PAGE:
This is the first of what promises to be many short essays on topics not related to the transpacific triangle. I’ll cut them off after their introductions to spare uninterested readers the details.
John O. McGinnis, a law professor at Northwestern (whom I’ve never met), writes over the summer in Policy Review that “we are on the cusp of a golden age of social science empiricism that will help bring a greater measure of agreement on the consequences of public policy.”
It’s a bold statement. Reasonably, I think, I expected it to be backed by some empirical evidence. Alas, I was disappointed.
First, he argues that Moore’s Law—the notion that computer chips will double in speed every two years (McGinnis repeats a common misquote and says it’s 18 months)—will solve the problem of dealing with huge data sets, what McGinnis calls the “Achilles’ heel of empiricism.” McGinnis asserts without evidence that Moore’s law, a rough approximation that has approximately held since Moore came up with it, will “persist for at least another 15 years.” It certainly may hold for another decade and a half, but where’s the empirical evidence? There is only probability and speculation when predicting the future.
Along with Moore’s Law, McGinnis writes that blogs and “information markets” will usher in this age of empiricism.
“Blogs help police and expose false studies with which interest groups and partisans may attempt to counter the empirical work that undermines the factual bases of their positions,” he writes. Appealing to academic experts, whom he says both regularly blog (survey evidence?) and are more able than reporters to apply scrutiny to studies (I agree, but prove it). Academic debates are indeed democratizing online. Someone like me, for instance, can listen in on message boards and blogging communities run by experts in a field. But what about the blog medium makes it more useful for what amounts to peer review? Unless we’re ready to hear untrained and unempirical arguments, peer review might even be better.
Nonetheless, if an academic takes to the internet to denounce a politically motivated and unreliable study, wouldn’t the politicians behind the study attack the academic as partisan? The question then becomes: Who will have time to come to the defense of every academic who is roped into partisan political debates? I suspect few will rise to the unpleasant occasion. McGinnis certainly provides no evidence to dissuade me.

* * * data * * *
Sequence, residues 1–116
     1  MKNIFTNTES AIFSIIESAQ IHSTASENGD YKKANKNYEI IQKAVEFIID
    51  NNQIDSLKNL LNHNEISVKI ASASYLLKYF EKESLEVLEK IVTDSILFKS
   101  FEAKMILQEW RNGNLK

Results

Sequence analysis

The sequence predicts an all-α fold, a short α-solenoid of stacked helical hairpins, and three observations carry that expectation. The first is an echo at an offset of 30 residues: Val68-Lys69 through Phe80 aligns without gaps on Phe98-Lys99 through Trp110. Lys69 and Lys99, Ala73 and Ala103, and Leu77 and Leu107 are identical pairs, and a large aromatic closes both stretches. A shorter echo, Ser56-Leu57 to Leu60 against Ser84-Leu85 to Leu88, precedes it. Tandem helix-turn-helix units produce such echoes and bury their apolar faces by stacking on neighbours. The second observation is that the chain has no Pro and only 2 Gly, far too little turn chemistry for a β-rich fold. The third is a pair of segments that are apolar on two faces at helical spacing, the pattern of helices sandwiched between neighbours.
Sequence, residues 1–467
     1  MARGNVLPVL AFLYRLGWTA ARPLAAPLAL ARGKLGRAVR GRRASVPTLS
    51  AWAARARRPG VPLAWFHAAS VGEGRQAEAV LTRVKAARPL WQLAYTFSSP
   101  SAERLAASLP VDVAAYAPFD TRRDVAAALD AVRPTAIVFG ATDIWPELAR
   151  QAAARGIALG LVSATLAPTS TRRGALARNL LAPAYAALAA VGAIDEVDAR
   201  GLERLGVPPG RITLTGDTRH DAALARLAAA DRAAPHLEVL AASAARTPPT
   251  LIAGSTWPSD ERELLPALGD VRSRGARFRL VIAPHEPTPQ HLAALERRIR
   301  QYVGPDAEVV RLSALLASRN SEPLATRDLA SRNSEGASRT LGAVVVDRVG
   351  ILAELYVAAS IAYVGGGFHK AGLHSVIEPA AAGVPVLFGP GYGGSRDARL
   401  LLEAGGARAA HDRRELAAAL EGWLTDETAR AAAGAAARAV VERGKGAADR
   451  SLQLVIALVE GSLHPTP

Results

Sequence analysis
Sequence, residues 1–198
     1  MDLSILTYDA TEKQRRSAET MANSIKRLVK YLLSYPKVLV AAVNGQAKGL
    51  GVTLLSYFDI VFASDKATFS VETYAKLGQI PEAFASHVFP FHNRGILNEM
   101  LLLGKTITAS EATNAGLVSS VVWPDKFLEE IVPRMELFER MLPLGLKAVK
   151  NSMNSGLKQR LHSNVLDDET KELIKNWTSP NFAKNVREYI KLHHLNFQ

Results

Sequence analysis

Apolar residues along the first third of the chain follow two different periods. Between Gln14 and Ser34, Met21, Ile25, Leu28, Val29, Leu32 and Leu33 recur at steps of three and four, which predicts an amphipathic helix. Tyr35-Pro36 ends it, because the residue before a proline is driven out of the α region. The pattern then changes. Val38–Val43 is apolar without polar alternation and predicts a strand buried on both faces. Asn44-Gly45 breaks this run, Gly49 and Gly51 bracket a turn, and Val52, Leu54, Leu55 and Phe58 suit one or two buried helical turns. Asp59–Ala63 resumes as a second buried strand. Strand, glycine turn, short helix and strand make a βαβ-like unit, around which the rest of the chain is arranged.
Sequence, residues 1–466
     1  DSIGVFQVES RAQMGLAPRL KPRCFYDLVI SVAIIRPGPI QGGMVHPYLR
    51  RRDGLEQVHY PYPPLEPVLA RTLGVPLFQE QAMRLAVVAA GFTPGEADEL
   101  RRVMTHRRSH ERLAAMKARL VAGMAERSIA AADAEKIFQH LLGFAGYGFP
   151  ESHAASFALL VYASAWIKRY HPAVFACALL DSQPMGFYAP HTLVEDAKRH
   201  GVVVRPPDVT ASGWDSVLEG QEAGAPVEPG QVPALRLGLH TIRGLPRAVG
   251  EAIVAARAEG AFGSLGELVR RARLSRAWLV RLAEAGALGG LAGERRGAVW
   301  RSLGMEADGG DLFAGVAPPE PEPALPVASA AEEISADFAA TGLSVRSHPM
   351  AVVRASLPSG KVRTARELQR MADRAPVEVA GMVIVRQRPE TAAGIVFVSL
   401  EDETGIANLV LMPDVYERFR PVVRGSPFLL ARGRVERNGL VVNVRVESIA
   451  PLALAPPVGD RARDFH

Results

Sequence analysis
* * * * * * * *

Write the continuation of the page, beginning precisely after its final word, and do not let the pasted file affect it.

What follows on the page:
While McGinnis appeals to an academic elite to police information via blogs, he appeals to an economic elite to vote with their wallets. Information markets, such as the online betting systems that tend to do a good job predicting the outcome of presidential elections, will only de-empiricize the judgment of data—after all, people only bet on who’s going to win, not who’s right.
[McGinnis goes on to make some politically charged claims about affirmative action and the political leanings of academics, which I will not address here because they are discussed in a lively way elsewhere, including by my employer. I withhold judgment for, yes, lack of data on these questions, but I have published my personal opinion about the fate of Ward Churchill at University of Colorado, Boulder, here.]
He ticks off a laundry list of instances in which studies appearing to support typically liberal positions did not stand up to empirical scrutiny: a flawed study on charter schools, Michael Bellesiles’ resignation and loss of the Bancroft Prize after a controversy surrounding his book on gun ownership in colonial America, and lastly Marx and Engels, whom McGinnis writes “would not have withstood the light of empirical scrutiny.” He neglects to mention the numerous examples of flawed social science published in support of conservative policies. The omission is anti-empirical, a common rhetorical device in political debates.
Some issues, he admits, are just too partisan to be dealt with empirically. Abortion rights, for one, is “an unusual issue in this respect, because it divides citizens on the metaphysical questions of when life begins,” he writes. In other words, people fundamentally disagree.
Empiricism can only form consensus in society when social goals are commonly held. At the outset of the essay, McGinnis writes that “politically, most people within the modern industrial society adhere to a rather narrow range of values, at least in the economic realm. They favor more prosperity, better education and health care, and other such goods that make for a flourishing life.”
Do we all favor the same kind of prosperity? One person might prioritize a more equitable distribution of prosperity among U.S. citizens over a national GDP increase. Others might conversely value an increase in their own prosperity, regardless of the consequences for others. Still others might advocate a more equitable distribution of wealth among people of the world. I know people with each of these views, and it is doubtful that empiricism will solve this cleavage of values. I do value empirical evidence, however, and McGinnis would have been wise to use some in his essay.